Title: Cocolors (Fantasia 2017 review)

Also known as:
N/A

Year: 2017

Genre: Animation / Short / Sci-fi / Drama

Language: Japanese

Runtime: 45 min

Director: Toshihisa Yokoshima

Writer: Toshihisa Yokoshima

IMDb: http://www.imdb.com/title/tt6451666/


Plot:
A long time after a horrific eruption of Mt. Fuji, the world is no longer the same. Deep in the underground, a society of survivors live in a town welded together with scrap metal pieces, concrete and the will to stay alive. This story follows the boys Aki and Fuyu. Fuyu is a creative soul who will never get a chance to see the outside world, and Aki makes it his mission to bring the outside world to him.

Our thoughts:
"Cocolors" is a Japanese animated short that's playing at Fantasia International Film Festival 2017, and it is the second part in a project by studio Kamikaze Douga. The project is called "Gasoline Mask", and even though I am not aware of what happened to the first part (which I believe was simply titled "Gasoline Mask"), there is a huge, clear vision within "Cocolors" that gives me hopes for even bigger things. For now, we have a beautifully cel-shaded animation that should not be missed out on.

The short film takes place many years after an eruption of Mt. Fuji, which made the world unfit to live in. The survivors of the accident have built their new home in the concrete underground. The town is built from rusty metal scraps, and every survivor must use gasoline masks to survive the environment. Yet, within the devastated society there is a hope for a better future. Every kid dreams of growing up to be fit to go to work as scrap collectors. They are the people that go up to the surface to look for scrap to bring back underground, but it's a hard job and only the healthiest can do it. In this dark world we find a group of kids, and most importantly Aki and Fuyu. Aki is a boy with a strong will, and he grows up to become a scrap collector. Fuyu, however, is a creative little boy who can only speak through playing musical notes on a little device, and is unfit to be one. As they grow older, Aki decides to always bring home something for Fuyu to create art with.

Unfortunately the story is somewhat predictable. We can figure out early on how it will eventually end. Still, there isn't much you can spoil about "Cocolors" as it's driven by emotion and its beautiful style, but I'll leave the details of what I found predictable out of it. Don't think for a second that I didn't enjoy "Cocolors" though. There is a real sense of wonder and heart in here, while it's all projected through a rusty, depressing world. There is also an underlying theme of warnings about what might one day happen to our world if we don't take good care of it. Thankfully it's not being preachy, and thanks to that it feels like a real world and not propaganda. This is still a story about Aki and Fuyu. There is so much that makes the short film stand out, even though it's not specifically the story. From the fantastic cel-shaded world, to the cute gasoline mask suits that the survivors have to wear (yes, since their face looks like a big, worried eye I can't describe them as anything other than "cute"), the vision here is undeniably unique as a whole.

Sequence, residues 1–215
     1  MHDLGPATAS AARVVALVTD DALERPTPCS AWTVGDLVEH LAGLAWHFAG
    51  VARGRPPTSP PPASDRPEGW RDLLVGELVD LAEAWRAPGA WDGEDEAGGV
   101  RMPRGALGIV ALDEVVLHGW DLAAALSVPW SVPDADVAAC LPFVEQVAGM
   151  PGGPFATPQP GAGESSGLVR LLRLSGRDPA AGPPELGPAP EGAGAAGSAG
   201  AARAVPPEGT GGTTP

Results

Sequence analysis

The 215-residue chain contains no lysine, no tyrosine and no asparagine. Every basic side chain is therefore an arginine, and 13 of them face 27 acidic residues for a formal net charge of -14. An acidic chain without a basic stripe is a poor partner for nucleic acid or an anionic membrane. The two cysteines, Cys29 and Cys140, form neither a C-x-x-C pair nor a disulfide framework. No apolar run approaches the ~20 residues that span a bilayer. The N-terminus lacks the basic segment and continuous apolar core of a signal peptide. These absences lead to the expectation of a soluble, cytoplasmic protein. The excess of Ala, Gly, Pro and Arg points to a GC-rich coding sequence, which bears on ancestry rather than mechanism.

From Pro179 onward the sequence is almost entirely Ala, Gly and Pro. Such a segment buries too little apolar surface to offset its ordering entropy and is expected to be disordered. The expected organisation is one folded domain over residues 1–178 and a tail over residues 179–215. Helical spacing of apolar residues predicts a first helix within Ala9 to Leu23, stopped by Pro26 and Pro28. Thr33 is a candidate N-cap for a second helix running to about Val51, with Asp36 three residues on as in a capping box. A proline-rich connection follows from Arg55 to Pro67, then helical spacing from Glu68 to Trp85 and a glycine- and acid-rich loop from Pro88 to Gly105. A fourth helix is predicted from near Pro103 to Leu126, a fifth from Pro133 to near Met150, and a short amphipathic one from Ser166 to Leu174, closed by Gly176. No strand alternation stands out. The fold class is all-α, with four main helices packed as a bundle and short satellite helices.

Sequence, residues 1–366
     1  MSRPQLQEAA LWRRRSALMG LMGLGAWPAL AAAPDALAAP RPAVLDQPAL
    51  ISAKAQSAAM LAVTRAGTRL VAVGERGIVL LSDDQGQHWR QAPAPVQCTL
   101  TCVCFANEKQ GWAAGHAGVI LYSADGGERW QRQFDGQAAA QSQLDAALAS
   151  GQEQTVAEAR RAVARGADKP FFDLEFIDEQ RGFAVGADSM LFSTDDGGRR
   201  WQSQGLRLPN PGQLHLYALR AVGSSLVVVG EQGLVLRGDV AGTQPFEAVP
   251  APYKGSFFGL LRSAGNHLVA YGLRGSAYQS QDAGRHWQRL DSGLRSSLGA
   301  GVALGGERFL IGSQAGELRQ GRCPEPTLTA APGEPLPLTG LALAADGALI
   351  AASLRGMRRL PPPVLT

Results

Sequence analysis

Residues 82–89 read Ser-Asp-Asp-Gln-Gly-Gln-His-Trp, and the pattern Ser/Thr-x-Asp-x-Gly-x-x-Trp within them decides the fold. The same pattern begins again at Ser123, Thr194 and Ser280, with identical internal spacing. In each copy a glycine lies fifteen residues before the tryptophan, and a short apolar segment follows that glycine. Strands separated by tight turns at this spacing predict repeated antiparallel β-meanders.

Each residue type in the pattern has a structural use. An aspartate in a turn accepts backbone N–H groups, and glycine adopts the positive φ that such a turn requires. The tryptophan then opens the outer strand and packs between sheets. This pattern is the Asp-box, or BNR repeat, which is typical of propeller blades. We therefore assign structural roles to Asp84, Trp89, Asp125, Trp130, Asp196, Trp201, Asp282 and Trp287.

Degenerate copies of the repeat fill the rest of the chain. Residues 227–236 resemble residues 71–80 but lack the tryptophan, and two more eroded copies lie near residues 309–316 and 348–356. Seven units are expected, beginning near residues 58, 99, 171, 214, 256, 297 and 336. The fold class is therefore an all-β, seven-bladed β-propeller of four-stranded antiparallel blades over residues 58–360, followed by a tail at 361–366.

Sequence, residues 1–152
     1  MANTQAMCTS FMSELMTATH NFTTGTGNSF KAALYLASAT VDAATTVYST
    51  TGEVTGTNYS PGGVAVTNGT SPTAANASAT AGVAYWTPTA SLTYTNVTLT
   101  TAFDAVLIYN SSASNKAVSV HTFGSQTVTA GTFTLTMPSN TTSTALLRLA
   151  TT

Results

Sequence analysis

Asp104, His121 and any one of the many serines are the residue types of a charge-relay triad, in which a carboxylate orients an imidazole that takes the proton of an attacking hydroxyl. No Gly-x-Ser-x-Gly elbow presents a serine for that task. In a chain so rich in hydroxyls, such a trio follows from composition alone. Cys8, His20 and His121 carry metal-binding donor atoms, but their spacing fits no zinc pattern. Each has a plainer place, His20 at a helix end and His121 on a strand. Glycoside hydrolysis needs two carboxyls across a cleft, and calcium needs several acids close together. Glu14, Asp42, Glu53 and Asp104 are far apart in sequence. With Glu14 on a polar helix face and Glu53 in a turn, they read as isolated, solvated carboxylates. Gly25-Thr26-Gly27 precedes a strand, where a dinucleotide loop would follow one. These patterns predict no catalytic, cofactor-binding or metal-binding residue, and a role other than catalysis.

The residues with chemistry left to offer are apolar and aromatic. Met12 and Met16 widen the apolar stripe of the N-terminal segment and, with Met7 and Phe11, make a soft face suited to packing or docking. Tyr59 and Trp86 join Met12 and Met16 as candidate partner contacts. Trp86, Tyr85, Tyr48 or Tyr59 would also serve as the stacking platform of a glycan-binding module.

It's almost sad to think that the wondrous world of "Cocolors" is stuck in a short film. Had it been a feature, there could be so much more to show and tell about this place. Despite their blank helmets, the characters are all interesting in their own little way, and the friendship between Aki and Fuyu is something special. The world (above and below ground) is fascinating and scary. We don't spend nearly enough time in this world, and I really hope that the rest of the "Gasoline Mask" project is tightly related (or that "Cocolors" one day is remade as a feature).

I can't judge "Cocolors" mainly on being a short film. That's the format, and Toshihisa Yokoshima has created something huge with the it. It's really a compliment to the strong vision that I would want to watch a version that's twice as long. For now though, this is an aesthetical wonder with a heartfelt story. The story is ultimately predictable, but thanks to all the stand-out pieces (great animation, characters, world, sound and style) this becomes something unique. I'm not sure where this will be available in the future, but I hope you remember the title for when you get the chance.


Positive things:
- Beautiful style and animation.
- Distinct characters, despite all wearing blank helmets.
- The connection between Aki and Fuyu.
- It builds up a huge world.
- There are underlying ecological themes. They manage to be very present, without being preachy.
Negative things:
- It builds up a huge world, but it doesn't feel like we get to see enough of it! I'd love a feature version of this.
- Somewhat predictable story.

Rating:
Gore: 0/5
Nudity: 0/5
Story: 3/5
Effects: 5/5
Comedy: 1.5/5

We watched this movie thanks to:
Fantasia International Film Festival 2017

Reviewed by:
Ronny




 

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